Visitors to Lucerne cannot miss Mt. Pilatus looming over the city. If you want to ascend the majestic mountain and soak up the stunning panorama of the Swiss Alps, several options are available. The Golden Round Trip package involves traveling by boat, cogwheel railway, panoramic gondola, and aerial cableway. There are self-guided, partly guided, and fully guided tours from both Lucerne and Zurich, all of which include round-trip transportation. Some organized day trips incorporate guided city tours of Lucerne and, in summer, cruises on Lake Lucerne. You can also take a 2-day tour that includes a night’s stay in a hotel high on the slopes.
Things to Know Before You Go
Mt. Pitalus is a must-visit for train buffs, scenery seekers, and outdoor enthusiasts.
Drink lots of water to stave off the effects of altitude sickness.
Book tickets or tours in advance to save yourself lining up for the cable car or cogwheel train.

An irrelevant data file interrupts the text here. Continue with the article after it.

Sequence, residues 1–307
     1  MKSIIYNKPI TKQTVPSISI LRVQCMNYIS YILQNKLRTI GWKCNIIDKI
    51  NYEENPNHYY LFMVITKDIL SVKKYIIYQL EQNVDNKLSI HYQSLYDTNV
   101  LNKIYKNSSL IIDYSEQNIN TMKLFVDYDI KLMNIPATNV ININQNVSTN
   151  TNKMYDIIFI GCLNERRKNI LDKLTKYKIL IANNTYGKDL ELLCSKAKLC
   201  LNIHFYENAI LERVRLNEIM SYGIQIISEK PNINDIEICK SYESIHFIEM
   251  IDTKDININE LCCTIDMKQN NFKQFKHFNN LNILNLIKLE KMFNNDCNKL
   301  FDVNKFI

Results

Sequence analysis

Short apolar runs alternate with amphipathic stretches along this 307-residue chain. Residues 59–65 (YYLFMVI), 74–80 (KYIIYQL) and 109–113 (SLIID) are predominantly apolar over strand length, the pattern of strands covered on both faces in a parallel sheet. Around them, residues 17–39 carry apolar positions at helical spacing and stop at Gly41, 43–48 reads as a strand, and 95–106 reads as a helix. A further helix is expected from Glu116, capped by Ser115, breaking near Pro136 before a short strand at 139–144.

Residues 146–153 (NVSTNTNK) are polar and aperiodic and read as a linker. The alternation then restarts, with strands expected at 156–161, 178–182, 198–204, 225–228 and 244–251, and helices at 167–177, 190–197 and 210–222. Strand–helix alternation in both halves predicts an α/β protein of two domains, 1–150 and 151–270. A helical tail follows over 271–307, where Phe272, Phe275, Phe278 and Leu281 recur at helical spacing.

The cogwheel railway, panoramic gondola, and aerial cableway are all wheelchair-accessible.
How to Get There
To access the Mt. Pilatus cable car, ride the trolleybus route 1 from Lucerne’s railway station to Kriens, where you can travel to the summit station at 5,560 feet (1,695 meters) via panoramic gondola and aerial cableway. Alternatively, travel by train or ferry from Lucerne to Alpnachstad, where you can board the cogwheel railway. The Golden Round Trip can be done only during summer.
When to Get There
If you want to ride the cogwheel railway or do the boat ride from Lucerne to Alpnachstad, plan your trip for the summer. Both boats and the railway generally operate between May and October (depending on weather conditions). The earlier you set off, the fewer crowds you are likely to encounter. Note that the gondola and aerial cableway close for maintenance for a couple of weeks in late October and November.
The Legends of Mt. Pilatus
Mt. Pilatus is associated with many myths. In medieval times, rumors abounded that dragons lived in its crevices. According to local legend, the mountain is named after Pontius Pilate, the Roman emperor who ordered the death of Jesus Christ, and whose lifeless body the devil supposedly dumped in a lake on Mt. Pilatus. It’s more likely, however, that the mountain’s name is connected to the Latin word pileatus (“capped”), which may refer to the clouds that often shroud its peaks.
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